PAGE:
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  • ANALYSIS: Has American-US Airways lived up to its promises?

ANALYSIS: Has American-US Airways lived up to its promises?

American Airlines and US Airways announced their merger with much fanfare at Dallas/Fort Worth International airport on Valentine's Day in 2013.

The chief executives of both carriers promised significant revenue benefits that would improve shareholder value and create long-term job security for employees while creating the world’s largest airline, all in one fell swoop in the announcement made in American’s Admirals Club in terminal D.

"This is an extremely complementary merger," said Doug Parker, then chief executive of US Airways and now chief executive of American, that morning. "I've long been a proponent of industry consolidation. This is the last needed piece to rationalise the [US] airline industry."

He and then American chief Tom Horton outlined at least $1.05 billion in annual revenue synergies by the end of 2015 at a cost of about $1.2 billion on three years. Revenue synergies were subsequently increased by $400 million to $1.45 billion in January 2014.

More than two-and-a-half years later, with the US Airways name ready to fly into the sunset tomorrow, 17 October, has American met its own expectations?

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WAITING FOR SYNERGIES

The revenue results are mixed. The Fort Worth, Texas-based carrier had only realised about a third of the anticipated $1.45 billion in synergies – about $480 million – as of this May, said president Scott Kirby that month. This is well short of the full amount by the end of 2015 target.

The delay is almost entirely due to the migration of US Airways reservations to American’s Sabre system tomorrow, something that early integration timelines suggested would occur earlier on in the merger process.

Kirby said in July that many of the potential connectivity and fleet optimisation synergies could not be realised until after the reservations integration.

“If you go out and look at usairways.com and american.com, just as a simple example, you will often find different prices,” he said. “That’s because of the inherent challenges with running a codeshare as opposed to having a seamless single system. And so all that goes away once we are on a single reservation system.”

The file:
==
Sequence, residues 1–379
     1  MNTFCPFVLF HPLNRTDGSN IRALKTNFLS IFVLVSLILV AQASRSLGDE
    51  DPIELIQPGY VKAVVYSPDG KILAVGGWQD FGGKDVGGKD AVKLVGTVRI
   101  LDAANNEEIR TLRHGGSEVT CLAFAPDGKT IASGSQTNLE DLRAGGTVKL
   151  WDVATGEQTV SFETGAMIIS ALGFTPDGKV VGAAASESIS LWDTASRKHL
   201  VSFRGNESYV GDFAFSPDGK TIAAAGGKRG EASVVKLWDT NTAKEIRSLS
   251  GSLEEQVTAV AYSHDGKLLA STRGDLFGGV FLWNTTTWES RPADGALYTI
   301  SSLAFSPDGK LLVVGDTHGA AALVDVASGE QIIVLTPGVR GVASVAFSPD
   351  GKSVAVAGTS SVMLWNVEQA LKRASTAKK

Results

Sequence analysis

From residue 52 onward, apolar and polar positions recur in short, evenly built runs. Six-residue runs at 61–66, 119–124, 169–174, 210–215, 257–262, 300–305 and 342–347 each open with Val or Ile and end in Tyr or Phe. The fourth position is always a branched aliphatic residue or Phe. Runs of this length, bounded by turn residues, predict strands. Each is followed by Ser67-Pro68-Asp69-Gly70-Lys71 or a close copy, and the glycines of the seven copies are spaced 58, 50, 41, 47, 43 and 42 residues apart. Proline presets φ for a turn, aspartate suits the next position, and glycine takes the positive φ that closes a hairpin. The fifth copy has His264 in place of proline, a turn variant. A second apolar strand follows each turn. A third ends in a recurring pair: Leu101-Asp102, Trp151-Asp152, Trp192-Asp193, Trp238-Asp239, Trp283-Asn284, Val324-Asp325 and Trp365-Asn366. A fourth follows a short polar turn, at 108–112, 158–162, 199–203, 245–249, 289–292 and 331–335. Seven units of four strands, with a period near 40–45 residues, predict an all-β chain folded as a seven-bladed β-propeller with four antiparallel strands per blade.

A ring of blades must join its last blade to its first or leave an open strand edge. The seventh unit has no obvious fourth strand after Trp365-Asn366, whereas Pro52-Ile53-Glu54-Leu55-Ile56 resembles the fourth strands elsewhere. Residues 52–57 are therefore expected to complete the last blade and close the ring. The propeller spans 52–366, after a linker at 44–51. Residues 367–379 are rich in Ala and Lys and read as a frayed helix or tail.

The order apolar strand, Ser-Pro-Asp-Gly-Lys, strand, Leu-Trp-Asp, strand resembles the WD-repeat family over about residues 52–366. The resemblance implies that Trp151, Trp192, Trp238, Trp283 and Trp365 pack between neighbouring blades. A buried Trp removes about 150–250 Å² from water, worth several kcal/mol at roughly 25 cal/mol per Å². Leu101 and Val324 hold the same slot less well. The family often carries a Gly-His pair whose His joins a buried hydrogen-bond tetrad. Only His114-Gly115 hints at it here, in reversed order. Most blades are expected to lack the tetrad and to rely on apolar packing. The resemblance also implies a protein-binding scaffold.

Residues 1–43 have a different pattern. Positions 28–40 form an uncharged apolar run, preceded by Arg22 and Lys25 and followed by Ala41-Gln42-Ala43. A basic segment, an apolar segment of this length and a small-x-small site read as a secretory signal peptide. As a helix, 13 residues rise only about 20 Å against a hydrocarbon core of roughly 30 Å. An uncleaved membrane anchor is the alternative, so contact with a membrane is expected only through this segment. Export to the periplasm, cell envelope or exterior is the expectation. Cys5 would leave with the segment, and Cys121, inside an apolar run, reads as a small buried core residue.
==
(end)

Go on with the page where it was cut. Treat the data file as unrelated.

Another, largely unmentioned impact, was the US Department of Justice’s (DOJ) unexpected challenge to the American-US Airways deal in August 2013. This likely pushed back regulatory approval, and the subsequent integration, by about three to six months.

Analysts are largely willing to give American a pass on the revenue benefits, at least through 2016.

“It’s still early,” says Hunter Keay, an analyst at Wolfe Research. “I think 2016 is going to be the year of the revenue synergies, so we don’t know yet. It’s pretty clear they’ve created shareholder value through earnings growth.”

American’s stock price has increased more than 80% to $44.46 per share at close on 15 October from $24.60 per share when the merger closed on 9 December 2013. Its market capitalisation has increased $23 billion to $29.4 billion during the period.

Operating revenues increased about 4.7% to $10.8 billion in the second quarter compared to the combined results of the then-independent American and US Airways in the second quarter of 2013.

American’s operating margin has increased a more impressive eight-percentage points to 17.5% over the same period. However, this is partially buoyed by the benefits of low oil prices.

“I don’t even know what to think about revenue,” says Helane Becker, an analyst at Cowen. “The strong dollar has put pressure on [foreign exchange] and the weakness in Latin America has put pressure on one of American’s biggest markets… My sense, if you’re talking about $1 billion worth of synergies, is they are probably there.”

MOUNTING COSTS

The merger has cost more than expected. American has recorded $1.71 billion in merger and integration related special charges from February 2013 through the end of June, its financial statements show. This is about $510 million more than their initial estimate.